Tariffs remain a key unknown
With the only certainty being uncertainty, markets have maintained their composure through the escalation of US trade developments with China.
Generally speaking, risk assets performed well in July with most global equity markets posting solid gains. Significantly, “value”, as a style factor, performed well compared to “growth” — value assets have been hurt for some time by the persistent outperformance of “growth” and “momentum” over “value”.
Bond yields moved higher over the month, while credit spreads retraced some of their losses with global high yield having a decent month despite relatively narrow spreads and evidence of broader fundamental and technical deterioration.
While measured market volatility may not have picked up much this year, uncertainty about the future path of economies and markets clearly has.
While we can thank President Trump for some of this, I’m not sure that the path forward would have been any more certain without him. In fact, Trump has probably made uncertainty the one certainty (if that makes any sense!).
Markets are currently unperturbed. Equity markets continue to grind higher. A 21% fall in the Facebook share price is seen as an idiosyncratic issue, causes no more than a minor palpitation, and then US market again edges higher, closing in on its January highs. Clearly happy days!
We can understand this bullish sentiment. Economies are growing, the latest US profit season was good, and while inflation pressure is building, there isn’t yet the smoking gun to declare inflation back and a problem for investors or policy makers. The real risk for investors is recession, and while our research suggests that the recession clock has started to tick, the timing is beyond the immediate consciousness of most investors.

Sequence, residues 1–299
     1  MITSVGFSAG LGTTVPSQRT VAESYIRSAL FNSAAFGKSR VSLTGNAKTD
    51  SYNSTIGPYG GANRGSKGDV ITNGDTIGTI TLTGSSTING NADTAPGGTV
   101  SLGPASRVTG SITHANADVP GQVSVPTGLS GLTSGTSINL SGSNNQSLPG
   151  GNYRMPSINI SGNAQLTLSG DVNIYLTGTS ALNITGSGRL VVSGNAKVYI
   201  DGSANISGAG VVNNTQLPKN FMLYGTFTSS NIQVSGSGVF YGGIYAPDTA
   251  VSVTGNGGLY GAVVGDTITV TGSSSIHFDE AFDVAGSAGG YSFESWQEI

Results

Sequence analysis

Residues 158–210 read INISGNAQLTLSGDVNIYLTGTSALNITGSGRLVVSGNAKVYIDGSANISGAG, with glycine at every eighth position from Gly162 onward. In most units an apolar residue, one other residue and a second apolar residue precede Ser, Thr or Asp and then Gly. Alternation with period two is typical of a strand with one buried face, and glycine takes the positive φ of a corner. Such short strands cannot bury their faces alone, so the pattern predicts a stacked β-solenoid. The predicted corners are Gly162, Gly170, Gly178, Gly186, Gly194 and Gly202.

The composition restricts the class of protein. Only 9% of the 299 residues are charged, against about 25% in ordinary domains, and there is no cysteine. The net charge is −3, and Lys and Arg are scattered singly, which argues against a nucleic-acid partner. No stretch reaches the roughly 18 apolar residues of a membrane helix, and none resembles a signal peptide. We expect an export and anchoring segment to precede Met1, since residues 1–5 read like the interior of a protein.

Let the good times roll.
Understanding where this bullish sentiment comes from is not the same as agreeing with its consequences. A more balanced take on the current state of play is that global growth momentum has peaked (particularly after allowing for the boost to US growth from tax cuts) and the negative impact of tariffs (directly) and business confidence (indirectly).
Consistent with this, we expect that US profit momentum has also peaked. A moderation in top line growth and a rise in costs should see margins moderate from here. The risk of a surprise to both investors and policy makers on the inflation side remains real. Significantly, this is occurring against a background of relatively full valuations for both equities (particularly US equities) and credit (particularly higher yielding/riskier credit). Our 3-year return forecasts for US equities have gone negative again. The last time they were negative was in January.
China can’t be forgotten either. Growth has slowed and the imbalances that have been well documented are having an impact. Policy has been eased, but the risks of a further moderation in Chinese activity can’t be dismissed.
From an Australian perspective, the outlook is benign but not without its risks. The RBA left rates unchanged at 1.5% and while doing nothing on rates for two years might seem somewhat boring, it is the right decision against an economy that is broadly growing at around trend. The unemployment rate has been relatively sticky above 5%, wage growth, inflation is barely within the RBA’s target range, and the housing sector (especially house prices) has already seen considerable tightening as lending standards rise and the availability of credit to the sector falls.
While most of this isn’t new news — the uncertainty over tariffs probably the exception — market prices have risen again and with the US equity market closing in on January highs, we have reduced equity exposure in our portfolios by a further 5% in recent weeks (mainly in Australian and US equities). This leaves us relatively defensively positioned in early August.
We’ve also added some duration which we view as a tactical position and seen against an overall position reflecting modest risk asset exposure. In broad terms though, we remain well positioned for an inevitable increase in volatility, a renewed bout of risk aversion, and rising inflation.
Now is not the time to shoot for the stars — asset quality and liquidity are an important focus.
Simon Doyle is the Head of Fixed Income and Multi-Asset for Schroders Australia. Find out more about our objective-based investing capabilities here.